Cabinet fears judge saga will bring the Government down
FG ministers confront Kenny and Fitzgerald in private meeting over Whelan controversy
Several Fine Gael Cabinet members believe Máire Whelan's controversial appointment to the Court of Appeal will result in the party crashing out of Government.
The new Taoiseach, Leo Varadkar, now believes that his predecessor Enda Kenny has handed him a "hand grenade" that could result in a general election.
The Irish Independent can reveal that at a private meeting of Fine Gael ministers, Mr Kenny and Tánaiste Frances Fitzgerald were openly questioned over the appointment, which was ratified by President Michael D Higgins on Monday.
It is understood that Mary Mitchell O'Connor confronted Mrs Fitzgerald, saying: "Why didn't you wait a week before pushing through this appointment?" But other ministers raised questions over Mr Kenny's role and the reason why the appointment was done in haste.
Ms Mitchell O'Connor also made a passionate address about her performance in Government and was defended by ministers Michael Ring, Regina Doherty, Charlie Flanagan and Eoghan Murphy.
Sources close to Mrs Fitzgerald played down the confrontation.
However, other ministers present confirmed it took place.
The controversy surrounding Ms Whelan's appointment dominated yesterday's Dáil proceedings and has also led to serious tensions among Cabinet members just days into Mr Varadkar's tenure as Taoiseach and Fine Gael leader.
Mr Varadkar's tumultuous week saw Fianna Fáil leader Micheál Martin tell his TDs that trust between the two parties had been eroded because of the events surrounding Ms Whelan's appointment.
The two main leaders were also embroiled in heated exchanges in the Dáil, with Mr Martin being accused of casting aspersions on the "competence, capacity and suitability" of newly appointed judge Ms Whelan.
Mr Varadkar divulged details of a private phone conversation he shared with Mr Martin at the weekend, telling his opposite number he had brought Ms Whelan's capabilities into question.
Speaking during 'Leaders' Questions', Mr Martin asked why Ms Whelan's appointment was rushed through by Mr Kenny and Mrs Fitzgerald. He said it was clear there was "collaboration" between them to ensure Ms Whelan's appointment was secured.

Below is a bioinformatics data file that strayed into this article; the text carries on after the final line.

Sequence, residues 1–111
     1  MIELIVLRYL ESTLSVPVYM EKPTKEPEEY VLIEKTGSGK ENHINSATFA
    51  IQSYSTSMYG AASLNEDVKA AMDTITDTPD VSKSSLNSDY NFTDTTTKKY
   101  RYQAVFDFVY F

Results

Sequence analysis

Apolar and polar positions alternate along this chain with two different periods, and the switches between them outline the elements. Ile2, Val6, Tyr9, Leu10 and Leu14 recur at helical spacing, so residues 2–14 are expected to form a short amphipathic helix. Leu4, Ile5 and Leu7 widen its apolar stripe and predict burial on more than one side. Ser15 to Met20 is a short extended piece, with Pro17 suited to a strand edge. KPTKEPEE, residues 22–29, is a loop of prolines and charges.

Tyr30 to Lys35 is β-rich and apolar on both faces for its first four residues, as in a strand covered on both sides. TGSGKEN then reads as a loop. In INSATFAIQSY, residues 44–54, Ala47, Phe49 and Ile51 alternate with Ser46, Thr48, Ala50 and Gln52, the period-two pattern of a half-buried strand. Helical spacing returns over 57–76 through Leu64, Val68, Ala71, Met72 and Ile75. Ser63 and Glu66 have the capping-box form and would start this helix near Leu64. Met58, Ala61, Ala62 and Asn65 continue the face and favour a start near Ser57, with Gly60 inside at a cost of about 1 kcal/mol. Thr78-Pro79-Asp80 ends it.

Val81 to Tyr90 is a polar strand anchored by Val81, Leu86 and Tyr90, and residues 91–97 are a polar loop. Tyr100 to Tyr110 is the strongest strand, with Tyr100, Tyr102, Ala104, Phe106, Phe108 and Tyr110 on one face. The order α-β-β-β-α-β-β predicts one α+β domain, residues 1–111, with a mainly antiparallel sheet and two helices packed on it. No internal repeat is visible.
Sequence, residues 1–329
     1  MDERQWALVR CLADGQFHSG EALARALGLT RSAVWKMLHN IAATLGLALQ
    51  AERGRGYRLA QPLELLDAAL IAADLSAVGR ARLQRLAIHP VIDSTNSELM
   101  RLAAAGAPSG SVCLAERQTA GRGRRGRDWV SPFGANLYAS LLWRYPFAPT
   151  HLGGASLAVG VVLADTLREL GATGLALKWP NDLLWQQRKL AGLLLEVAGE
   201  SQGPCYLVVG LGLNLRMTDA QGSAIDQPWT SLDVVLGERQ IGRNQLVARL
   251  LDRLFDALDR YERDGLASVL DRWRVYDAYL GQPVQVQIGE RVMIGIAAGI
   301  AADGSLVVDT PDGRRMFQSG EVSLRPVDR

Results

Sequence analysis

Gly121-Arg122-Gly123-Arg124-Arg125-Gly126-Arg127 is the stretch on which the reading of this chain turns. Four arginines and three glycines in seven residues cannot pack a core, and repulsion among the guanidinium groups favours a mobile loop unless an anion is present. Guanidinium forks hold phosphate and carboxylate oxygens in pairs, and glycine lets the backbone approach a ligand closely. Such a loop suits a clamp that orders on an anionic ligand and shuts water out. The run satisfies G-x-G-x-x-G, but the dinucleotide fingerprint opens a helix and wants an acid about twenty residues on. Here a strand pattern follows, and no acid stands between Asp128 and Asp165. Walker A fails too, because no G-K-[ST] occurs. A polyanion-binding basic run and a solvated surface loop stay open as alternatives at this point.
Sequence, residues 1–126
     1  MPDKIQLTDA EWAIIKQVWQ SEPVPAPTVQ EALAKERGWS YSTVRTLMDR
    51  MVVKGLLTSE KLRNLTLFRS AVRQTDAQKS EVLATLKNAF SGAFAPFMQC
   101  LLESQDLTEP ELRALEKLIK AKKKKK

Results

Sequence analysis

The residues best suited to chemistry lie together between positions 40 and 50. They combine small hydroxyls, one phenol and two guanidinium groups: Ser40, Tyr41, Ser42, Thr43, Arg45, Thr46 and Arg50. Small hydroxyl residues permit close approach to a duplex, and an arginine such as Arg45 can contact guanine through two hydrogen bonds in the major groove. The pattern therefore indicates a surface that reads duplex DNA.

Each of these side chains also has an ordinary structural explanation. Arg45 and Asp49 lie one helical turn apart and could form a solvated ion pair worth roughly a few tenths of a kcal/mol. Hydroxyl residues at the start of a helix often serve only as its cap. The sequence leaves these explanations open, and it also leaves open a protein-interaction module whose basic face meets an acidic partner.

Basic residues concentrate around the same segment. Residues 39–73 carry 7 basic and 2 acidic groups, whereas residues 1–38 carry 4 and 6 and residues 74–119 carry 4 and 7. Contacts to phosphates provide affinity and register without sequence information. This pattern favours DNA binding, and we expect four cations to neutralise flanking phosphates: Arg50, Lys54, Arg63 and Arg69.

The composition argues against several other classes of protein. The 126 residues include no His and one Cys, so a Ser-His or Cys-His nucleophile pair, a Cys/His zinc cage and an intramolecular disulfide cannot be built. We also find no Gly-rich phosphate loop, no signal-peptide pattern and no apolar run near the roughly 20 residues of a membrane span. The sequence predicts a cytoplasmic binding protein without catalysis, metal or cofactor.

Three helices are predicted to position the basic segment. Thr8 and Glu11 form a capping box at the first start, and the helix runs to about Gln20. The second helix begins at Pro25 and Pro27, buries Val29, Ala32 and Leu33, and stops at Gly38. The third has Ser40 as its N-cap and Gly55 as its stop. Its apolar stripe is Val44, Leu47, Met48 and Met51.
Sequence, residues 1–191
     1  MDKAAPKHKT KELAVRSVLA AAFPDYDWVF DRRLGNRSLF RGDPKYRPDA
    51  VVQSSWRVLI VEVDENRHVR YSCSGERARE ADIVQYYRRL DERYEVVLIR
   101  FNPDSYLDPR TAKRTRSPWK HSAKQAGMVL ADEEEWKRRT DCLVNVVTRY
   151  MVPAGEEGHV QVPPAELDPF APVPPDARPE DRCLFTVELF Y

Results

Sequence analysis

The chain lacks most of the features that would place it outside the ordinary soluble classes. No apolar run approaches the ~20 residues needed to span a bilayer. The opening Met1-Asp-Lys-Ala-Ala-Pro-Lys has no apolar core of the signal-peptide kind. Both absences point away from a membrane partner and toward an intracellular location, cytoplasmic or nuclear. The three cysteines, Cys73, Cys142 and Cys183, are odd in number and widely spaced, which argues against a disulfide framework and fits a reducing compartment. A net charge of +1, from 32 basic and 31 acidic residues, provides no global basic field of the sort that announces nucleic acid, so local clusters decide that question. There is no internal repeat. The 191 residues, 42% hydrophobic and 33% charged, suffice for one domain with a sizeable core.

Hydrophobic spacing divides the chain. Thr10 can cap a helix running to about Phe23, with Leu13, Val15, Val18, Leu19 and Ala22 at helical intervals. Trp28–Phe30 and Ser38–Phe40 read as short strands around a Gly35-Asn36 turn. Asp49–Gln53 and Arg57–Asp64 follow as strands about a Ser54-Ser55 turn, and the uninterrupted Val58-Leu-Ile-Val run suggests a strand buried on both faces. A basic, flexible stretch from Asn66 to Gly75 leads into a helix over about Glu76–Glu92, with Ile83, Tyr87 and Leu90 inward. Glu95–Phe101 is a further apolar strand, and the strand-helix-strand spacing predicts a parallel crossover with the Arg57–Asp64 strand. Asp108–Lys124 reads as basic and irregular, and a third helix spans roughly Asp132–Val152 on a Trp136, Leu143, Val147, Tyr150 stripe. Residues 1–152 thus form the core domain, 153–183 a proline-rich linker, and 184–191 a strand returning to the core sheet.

Mr Varadkar then claimed that in a private phone call with Mr Martin on Sunday, the Fianna Fáil leader had questioned Ms Whelan's capabilities for the role but allegedly said he would not say this publicly.
"You did say it publicly," Mr Varadkar said.
"You mightn't have meant to but you did."
Senior Fianna Fáil figures now predict that an early election is far more likely under Mr Varadkar than Mr Kenny.
But there remain major tensions within Fine Gael, with several senior ministers questioning the reasons behind Ms Whelan's "rushed" appointment.
One theory shared by a number of ministers is that Ms Whelan's appointment means she would be exempt from giving evidence at any future inquiry involving senior Cabinet members.
Both Ms Whelan and Mr Kenny were central to the Fennelly Inquiry, which investigated the departure of former Garda commissioner Martin Callinan, as well as the recording of phone calls in and out of Garda stations.
In the Dáil, Mr Martin claimed that he was not being "personal", adding: "I have no axe to grind with the individual."
The Cork South Central TD also criticised Mr Varadkar's Dáil performance on Tuesday, during which he named a number of other judges who were appointed under a Fianna Fáil government for which he served.
"You tried to create (the) impression of precedent with these individuals and there wasn't," Mr Martin said. "You shouldn't have done it."
But Mr Varadkar turned the tables on Mr Martin and asked on two occasions that he withdraw his comments.
On Tuesday, Mr Varadkar said that in the past Fianna Fáil had appointed individuals such as Supreme Court judge Frank Clarke and former Supreme Court judge Adrian Hardiman.
But Mr Martin replied: "Máire Whelan is no Frank Clarke. Máire Whelan is no Adrian Hardiman."